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This set updates the previous Chandos offering of the Prokofiev piano concertos, conducted by Neeme Järvi and split between pianists Boris Berman and Horacio Gutiérrez. The new booklet notes, by the Prokofiev expert David Nice and Bavouzet himself, are a model of their kind. The five concertos fit neatly over two discs.

The BBC Philharmonic blossomed with Noseda as its principal conductor (2002-2011; he is now conductor laureate), and the close rapport they enjoy is evident here. It needs to be, given the ensemble challenges of Prokofiev’s scores, both for the orchestra alone and between soloist and tutti. Bavouzet, one of the most intelligent pianists active today, plays with complete authority.

Bavouzet made his concerto debut at the Paris Conservatoire with Prokofiev’s First Piano Concerto. He captures the work’s youthful energy. The BBC Philharmonic is on exceptional form in the Andante assai, yet it is the work’s closing pages that sum up the vitality of the Bavouzet/Noseda combination so perfectly. The musicians capture in the recording studio (MediaCityUK, Salford) all the excitement of a live event. The performance is up there with Argerich/ Dutoit (EMI).

The tremendously and notoriously difficult Second Piano Concerto seems to hold no fears for Bavouzet (although he acknowledges the difficulties in his commentary). Communication between piano and orchestra is once more a highlight, as is Bavouzet’s very muscular cadenza. The helter-skelter passages in the finale are wonderfully done. Excellent though Yuja Wang is (Deutsche Grammophon), Bavouzet is the more mature musician, while demonstrating just as fine a technique.

The Third Piano Concerto, by far the most famous of the five (and the most recorded), emerges as almost feather-light and Classical in outlook. Bavouzet’s crisp, clear articulation, deft fingerwork and intelligent, sensitive contributions to the set of variations that comprises the central movement are remarkable. The finale’s pace is slightly leisurely, but this strategy comes off in the lead-in to the final gestures.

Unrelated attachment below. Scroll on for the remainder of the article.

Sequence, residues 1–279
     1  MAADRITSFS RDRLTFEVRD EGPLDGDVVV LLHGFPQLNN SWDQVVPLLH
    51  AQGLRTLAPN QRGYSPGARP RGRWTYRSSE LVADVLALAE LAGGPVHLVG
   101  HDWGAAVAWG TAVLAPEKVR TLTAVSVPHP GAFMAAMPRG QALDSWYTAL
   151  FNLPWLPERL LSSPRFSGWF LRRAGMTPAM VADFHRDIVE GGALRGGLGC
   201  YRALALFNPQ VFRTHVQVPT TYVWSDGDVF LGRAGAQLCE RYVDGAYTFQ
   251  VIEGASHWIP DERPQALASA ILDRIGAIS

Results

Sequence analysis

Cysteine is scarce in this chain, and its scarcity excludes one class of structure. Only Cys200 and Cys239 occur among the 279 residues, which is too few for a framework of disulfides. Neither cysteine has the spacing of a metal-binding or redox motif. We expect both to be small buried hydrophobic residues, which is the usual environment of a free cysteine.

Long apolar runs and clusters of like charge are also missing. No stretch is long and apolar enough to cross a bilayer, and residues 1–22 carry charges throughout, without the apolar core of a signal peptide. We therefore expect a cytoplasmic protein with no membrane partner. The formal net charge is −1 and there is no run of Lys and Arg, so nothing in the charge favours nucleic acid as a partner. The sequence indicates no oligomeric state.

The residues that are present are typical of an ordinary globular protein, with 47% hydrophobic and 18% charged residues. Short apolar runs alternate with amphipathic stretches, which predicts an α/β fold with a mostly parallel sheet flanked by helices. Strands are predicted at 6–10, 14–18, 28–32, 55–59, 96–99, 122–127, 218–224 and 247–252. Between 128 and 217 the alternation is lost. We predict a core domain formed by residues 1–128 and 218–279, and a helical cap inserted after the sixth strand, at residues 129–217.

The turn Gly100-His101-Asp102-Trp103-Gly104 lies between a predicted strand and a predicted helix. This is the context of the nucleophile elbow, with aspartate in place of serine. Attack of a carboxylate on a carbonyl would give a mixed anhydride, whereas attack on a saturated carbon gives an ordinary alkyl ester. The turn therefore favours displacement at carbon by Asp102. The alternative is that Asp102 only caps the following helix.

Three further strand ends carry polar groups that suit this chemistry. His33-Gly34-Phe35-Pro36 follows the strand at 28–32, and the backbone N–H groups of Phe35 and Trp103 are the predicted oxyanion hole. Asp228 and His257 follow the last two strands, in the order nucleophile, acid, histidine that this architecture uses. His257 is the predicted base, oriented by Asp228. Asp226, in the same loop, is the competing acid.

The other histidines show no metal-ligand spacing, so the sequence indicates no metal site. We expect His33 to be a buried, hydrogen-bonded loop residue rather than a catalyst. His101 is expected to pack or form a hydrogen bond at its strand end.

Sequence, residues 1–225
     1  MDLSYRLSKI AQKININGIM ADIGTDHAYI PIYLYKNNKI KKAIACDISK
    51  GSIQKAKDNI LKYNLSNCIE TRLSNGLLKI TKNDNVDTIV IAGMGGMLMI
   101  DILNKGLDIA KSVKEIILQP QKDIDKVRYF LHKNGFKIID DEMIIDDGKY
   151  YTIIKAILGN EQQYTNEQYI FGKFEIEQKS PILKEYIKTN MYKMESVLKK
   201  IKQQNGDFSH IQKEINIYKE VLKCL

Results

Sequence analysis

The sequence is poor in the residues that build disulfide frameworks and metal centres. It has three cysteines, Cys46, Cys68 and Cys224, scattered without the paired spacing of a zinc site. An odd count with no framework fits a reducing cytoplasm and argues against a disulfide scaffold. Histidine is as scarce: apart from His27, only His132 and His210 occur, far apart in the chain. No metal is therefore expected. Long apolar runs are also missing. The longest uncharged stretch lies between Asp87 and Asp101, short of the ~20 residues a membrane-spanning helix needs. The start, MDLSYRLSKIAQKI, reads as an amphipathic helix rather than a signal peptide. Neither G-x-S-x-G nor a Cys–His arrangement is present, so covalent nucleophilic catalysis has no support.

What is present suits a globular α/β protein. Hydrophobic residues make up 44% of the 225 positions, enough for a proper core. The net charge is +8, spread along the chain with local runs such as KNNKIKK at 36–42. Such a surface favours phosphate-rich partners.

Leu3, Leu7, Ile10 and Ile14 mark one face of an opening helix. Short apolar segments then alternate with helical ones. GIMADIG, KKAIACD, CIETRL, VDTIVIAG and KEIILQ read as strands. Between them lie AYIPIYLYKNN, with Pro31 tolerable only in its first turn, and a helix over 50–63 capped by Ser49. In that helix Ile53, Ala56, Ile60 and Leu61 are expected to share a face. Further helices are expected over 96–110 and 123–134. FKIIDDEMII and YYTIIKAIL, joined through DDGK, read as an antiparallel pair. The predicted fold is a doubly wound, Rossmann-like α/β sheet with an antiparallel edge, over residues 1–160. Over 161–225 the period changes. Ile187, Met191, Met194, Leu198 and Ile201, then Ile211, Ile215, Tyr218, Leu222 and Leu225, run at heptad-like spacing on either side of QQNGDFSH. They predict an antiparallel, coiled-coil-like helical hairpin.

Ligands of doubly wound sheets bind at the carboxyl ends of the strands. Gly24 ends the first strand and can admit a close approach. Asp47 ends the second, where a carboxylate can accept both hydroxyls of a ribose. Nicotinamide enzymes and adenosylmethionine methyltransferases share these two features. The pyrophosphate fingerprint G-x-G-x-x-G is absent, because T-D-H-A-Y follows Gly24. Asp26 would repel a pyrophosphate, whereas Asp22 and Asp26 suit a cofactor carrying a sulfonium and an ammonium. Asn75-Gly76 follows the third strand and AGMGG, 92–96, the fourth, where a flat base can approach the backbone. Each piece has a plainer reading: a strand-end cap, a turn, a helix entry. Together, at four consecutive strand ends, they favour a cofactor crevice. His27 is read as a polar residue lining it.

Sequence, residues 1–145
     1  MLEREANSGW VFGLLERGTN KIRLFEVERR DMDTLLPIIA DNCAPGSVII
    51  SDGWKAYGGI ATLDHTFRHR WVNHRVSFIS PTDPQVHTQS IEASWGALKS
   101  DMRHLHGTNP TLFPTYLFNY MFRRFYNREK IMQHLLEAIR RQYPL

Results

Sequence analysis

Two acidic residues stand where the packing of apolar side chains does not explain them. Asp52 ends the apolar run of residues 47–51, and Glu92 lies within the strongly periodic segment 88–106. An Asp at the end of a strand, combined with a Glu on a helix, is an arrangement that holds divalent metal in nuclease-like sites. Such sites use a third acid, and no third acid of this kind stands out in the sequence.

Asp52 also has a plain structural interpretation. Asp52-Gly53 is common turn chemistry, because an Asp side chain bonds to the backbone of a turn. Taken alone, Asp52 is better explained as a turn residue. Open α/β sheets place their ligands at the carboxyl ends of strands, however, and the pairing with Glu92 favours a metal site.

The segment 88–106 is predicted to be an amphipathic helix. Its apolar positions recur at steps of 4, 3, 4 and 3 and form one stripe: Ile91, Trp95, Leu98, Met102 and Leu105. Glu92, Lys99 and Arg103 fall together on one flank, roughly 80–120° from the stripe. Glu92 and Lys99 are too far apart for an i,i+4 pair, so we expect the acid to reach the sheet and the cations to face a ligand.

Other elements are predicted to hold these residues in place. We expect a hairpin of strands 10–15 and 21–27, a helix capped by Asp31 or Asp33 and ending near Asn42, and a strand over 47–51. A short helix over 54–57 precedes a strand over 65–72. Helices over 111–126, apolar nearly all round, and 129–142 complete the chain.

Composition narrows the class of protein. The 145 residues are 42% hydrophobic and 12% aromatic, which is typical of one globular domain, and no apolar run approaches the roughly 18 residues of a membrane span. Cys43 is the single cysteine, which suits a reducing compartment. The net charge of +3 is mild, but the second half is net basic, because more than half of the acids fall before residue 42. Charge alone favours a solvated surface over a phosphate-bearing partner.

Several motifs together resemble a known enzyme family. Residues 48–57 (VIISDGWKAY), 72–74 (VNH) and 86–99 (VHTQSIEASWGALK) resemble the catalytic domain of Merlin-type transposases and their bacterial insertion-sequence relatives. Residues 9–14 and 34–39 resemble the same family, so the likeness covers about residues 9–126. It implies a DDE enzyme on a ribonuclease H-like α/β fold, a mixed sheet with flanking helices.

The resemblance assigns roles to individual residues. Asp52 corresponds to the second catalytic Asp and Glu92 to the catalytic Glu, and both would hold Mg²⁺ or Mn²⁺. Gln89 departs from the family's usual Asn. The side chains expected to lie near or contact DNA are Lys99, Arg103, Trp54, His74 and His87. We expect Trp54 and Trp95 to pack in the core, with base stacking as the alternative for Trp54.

The Fourth Piano Concerto is for the left hand only (it was originally written for and commissioned by Paul Wittgenstein). Bavouzet gives it his all. There is a tremendous sense of strength, particularly in the first movement; Noseda and the BBC forces equal him in profundity, though, in the depth of the string sound at the opening of the Andante second movement. The Fifth Piano Concerto brings Bavouzet up against titanic opposition in the form of Sviatoslav Richter (the Deutsche Grammophon version, with the Warsaw Philharmonic under Rowicki). Both pianists give valid readings, with Bavouzet more open to the work’s humour – in fact, he is decidedly cheeky at the opening, providing a contrast to Richter’s wide-eyed exuberance. Both pianists capture the myriad moods of this piece with uncanny ease, from the motoric elements of the second movement to the nightmarish processional at the heart of the fourth (Bavouzet and Noseda are particularly successful here, and the pianist’s magnificent jeu perlé touch thereafter is magical).

This is a release that effectively sets the standard for 21st-century Prokofiev interpretation.

COLIN CLARKE Read the full review on Agora Classica


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